From 1901 to 1992 this little red-brick building served as the Teller County Jail, and housed some of the most notorious outlaws of the American southwest. The jail also had entire floor dedicated to female and juvenile inmates. This floor also housed the children of the female inmates who were incarcerated in the facility. The basement contained a "cold room" where dead bodies were kept. Due to the ground being frozen solid during the frigid winter, the bodies would await burial in the basement for sometimes months at a time.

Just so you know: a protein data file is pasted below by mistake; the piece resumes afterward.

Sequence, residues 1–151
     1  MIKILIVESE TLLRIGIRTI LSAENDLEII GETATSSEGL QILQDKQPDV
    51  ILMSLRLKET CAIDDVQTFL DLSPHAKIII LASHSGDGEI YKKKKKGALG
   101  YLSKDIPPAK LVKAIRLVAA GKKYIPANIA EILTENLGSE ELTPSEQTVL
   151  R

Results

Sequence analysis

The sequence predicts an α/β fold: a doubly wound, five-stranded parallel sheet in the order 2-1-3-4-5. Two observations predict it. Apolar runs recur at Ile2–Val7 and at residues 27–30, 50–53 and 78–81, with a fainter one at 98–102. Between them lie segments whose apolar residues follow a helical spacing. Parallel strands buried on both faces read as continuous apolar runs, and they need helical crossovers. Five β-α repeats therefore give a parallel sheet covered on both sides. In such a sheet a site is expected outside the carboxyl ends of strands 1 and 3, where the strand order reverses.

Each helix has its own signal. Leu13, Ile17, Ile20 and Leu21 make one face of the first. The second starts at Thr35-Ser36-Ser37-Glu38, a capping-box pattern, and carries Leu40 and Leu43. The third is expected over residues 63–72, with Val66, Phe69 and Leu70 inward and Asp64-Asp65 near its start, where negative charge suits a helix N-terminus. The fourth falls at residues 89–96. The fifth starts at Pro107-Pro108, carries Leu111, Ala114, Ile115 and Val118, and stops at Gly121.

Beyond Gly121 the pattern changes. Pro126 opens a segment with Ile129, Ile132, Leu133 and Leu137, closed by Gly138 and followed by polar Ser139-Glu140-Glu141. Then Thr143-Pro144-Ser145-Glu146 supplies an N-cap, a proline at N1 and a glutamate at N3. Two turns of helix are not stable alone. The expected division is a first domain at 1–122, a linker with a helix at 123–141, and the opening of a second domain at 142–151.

A former deputy's footsteps have been heard walking the staircase from one floor to another. Another female deputy has been seen throughout the female tier. On the same floor, crying can be heard from inside the juvenile quarters are commonly heard. Dark masses are also reported darting from one cell to the other on the main tier. Hair pulling, touching and faint laughter is often experienced throughout the facility.
The Outlaw and Lawmen Jail Museum holds tours to the general public. For more information:
Phone: (719) 689-6556